The worksheet and summary of results which follow are for your convenience in laboratory. You will not hand in these pages, but will recopy and perhaps restructure this information in your report.
6. METHOD 2. [Instructor's option.]
The analysis method of section 5 made explicit use of a velocity-time graph. A strictly algebraic analysis is also possible. This avoids any additional error due to the errors in making the graph.
If the acceleration of the plummet is constant, it has the same value whatever time interval you choose, no matter whether the interval is large or small. The fractional error in each calculated acceleration is smaller if you choose larger intervals.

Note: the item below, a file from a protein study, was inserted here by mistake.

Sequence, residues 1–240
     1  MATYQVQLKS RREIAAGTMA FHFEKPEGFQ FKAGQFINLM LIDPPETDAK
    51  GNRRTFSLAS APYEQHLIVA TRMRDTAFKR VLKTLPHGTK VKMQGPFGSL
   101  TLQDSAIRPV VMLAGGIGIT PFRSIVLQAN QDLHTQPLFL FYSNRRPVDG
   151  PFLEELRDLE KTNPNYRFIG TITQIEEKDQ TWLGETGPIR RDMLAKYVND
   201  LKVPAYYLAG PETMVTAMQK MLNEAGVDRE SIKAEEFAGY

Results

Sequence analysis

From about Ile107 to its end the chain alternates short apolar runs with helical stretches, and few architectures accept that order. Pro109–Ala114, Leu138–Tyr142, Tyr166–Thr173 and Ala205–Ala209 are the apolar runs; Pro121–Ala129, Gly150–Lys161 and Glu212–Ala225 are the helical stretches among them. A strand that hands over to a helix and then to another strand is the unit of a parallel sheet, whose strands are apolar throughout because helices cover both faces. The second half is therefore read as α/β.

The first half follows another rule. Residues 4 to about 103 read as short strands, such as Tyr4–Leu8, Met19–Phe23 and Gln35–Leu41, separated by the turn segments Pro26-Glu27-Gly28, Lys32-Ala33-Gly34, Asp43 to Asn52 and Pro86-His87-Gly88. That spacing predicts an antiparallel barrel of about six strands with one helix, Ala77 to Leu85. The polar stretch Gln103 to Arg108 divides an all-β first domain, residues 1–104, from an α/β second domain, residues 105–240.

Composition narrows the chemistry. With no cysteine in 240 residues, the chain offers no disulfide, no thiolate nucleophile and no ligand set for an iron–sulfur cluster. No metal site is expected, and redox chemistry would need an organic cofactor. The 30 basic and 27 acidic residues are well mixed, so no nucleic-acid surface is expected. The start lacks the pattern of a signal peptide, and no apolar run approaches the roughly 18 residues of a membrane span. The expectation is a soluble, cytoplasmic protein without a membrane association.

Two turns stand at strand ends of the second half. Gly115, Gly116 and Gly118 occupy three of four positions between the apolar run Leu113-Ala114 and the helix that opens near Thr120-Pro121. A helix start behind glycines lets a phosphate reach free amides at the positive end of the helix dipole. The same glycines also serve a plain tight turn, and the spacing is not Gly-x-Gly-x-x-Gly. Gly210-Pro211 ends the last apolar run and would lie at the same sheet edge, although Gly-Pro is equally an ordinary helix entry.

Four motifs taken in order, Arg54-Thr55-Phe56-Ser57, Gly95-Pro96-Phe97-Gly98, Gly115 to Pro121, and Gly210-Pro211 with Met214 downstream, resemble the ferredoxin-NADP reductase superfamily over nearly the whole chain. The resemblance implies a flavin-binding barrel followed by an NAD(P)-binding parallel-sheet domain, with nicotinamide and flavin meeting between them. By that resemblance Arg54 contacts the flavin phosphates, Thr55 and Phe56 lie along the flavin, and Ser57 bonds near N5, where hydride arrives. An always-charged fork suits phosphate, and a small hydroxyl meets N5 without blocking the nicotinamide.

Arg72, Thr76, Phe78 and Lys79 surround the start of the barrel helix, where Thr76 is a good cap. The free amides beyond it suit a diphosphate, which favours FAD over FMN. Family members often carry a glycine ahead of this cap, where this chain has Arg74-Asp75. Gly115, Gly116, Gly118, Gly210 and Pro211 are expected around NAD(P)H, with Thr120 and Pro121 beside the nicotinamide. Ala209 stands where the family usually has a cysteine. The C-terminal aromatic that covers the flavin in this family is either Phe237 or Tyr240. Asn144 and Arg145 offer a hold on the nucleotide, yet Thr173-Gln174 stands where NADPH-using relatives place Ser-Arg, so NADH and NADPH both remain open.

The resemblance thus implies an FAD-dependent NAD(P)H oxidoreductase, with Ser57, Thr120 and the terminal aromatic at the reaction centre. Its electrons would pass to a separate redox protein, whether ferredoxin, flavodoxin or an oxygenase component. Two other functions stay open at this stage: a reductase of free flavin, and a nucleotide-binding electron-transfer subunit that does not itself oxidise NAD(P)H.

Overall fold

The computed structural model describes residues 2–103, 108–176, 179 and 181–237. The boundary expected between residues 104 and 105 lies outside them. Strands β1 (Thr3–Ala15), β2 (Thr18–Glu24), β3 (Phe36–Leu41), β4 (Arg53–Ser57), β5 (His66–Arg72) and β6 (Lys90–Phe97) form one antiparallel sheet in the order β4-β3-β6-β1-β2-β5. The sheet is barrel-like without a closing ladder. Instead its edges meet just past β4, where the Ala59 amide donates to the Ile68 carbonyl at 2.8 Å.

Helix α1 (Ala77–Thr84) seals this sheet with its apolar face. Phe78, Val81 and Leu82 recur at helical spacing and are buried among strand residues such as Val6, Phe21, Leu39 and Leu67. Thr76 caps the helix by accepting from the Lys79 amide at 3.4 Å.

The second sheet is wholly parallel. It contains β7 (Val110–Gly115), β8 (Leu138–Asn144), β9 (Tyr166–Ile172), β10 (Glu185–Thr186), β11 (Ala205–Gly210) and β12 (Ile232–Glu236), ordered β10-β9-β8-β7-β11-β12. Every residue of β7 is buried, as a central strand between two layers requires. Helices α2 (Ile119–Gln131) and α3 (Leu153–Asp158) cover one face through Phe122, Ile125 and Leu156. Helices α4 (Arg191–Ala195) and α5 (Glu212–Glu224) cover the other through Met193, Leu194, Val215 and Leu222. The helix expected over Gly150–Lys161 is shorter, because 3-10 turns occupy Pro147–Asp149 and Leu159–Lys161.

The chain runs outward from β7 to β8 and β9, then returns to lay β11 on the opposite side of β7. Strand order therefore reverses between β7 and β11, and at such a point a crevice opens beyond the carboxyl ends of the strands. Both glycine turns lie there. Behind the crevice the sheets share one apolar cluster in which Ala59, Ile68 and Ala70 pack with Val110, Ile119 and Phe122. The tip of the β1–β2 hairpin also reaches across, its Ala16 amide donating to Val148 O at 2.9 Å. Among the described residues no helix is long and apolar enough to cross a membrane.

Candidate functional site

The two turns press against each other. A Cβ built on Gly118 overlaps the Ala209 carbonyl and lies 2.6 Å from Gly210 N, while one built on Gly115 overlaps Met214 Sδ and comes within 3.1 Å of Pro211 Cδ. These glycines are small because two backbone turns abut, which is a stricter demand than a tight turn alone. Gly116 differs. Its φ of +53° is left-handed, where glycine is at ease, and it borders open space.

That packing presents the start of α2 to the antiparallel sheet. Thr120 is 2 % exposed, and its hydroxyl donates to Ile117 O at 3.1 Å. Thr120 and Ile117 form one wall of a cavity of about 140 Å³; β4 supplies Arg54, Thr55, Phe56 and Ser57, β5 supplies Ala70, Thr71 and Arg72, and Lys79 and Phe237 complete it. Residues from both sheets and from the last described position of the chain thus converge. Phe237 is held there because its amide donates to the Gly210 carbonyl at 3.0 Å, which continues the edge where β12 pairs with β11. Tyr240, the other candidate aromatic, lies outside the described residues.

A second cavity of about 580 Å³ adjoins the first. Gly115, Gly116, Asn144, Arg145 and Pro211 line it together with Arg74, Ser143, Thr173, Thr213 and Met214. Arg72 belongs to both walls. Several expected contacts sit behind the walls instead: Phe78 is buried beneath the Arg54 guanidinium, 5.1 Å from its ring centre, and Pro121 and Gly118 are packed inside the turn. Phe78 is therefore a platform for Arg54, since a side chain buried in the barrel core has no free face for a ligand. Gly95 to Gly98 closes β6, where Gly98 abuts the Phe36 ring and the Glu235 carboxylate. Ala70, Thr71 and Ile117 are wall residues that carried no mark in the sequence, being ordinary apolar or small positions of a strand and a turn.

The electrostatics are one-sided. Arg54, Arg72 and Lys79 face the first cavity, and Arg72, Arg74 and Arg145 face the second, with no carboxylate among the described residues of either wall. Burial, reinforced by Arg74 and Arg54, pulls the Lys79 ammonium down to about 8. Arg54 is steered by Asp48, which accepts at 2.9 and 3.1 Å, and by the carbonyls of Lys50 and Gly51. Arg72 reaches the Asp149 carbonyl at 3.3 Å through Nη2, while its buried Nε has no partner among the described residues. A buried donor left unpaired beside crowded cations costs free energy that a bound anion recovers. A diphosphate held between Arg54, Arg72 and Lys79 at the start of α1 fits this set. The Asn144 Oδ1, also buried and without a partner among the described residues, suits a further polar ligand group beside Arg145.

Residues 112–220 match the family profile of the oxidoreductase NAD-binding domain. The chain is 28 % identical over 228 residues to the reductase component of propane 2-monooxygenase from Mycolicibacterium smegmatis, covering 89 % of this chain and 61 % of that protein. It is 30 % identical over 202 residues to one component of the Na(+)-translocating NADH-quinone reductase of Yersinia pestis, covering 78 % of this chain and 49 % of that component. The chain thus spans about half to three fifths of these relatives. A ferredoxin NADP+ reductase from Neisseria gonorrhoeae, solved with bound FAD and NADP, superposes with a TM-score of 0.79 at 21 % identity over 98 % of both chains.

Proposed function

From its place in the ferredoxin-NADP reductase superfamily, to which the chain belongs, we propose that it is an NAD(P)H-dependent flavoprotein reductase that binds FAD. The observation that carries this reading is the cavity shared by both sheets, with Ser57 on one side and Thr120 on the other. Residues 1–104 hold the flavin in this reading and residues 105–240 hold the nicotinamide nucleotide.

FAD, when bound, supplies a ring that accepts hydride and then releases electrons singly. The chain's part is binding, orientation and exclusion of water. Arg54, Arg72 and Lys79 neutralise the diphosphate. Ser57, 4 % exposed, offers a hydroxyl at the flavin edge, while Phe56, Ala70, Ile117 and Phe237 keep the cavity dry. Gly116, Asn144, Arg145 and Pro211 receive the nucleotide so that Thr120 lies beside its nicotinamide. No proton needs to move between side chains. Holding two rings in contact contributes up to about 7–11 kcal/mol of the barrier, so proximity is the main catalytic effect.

The best data analysis methods avoid combining or comparing calculations derived from the same data values. If the calculations use non-independent data values, subtle "cancellation" effects can occur. This method avoids that pitfall. [See the discussion of "successive differences" and "the method of differences" in section 8.2 of An Introduction to Experimental Analysis by Donald E. Simanek.]
[In the following paragraphs, "interval" refers to the number in column one of the data table, the intervals between your selected points.]
Since you have over forty calculated velocities, you can select independent pairs of them for acceleration calculations. You might choose interval no. 1 and 21, 2 and 22, 3 and 23 etc. spaced 20 time intervals apart. For example, the acceleration calculated using intervals 1 and 21 is
(2.3 cm/int - 0.5 cm/int)/(20 int) = 0.09 cm/int2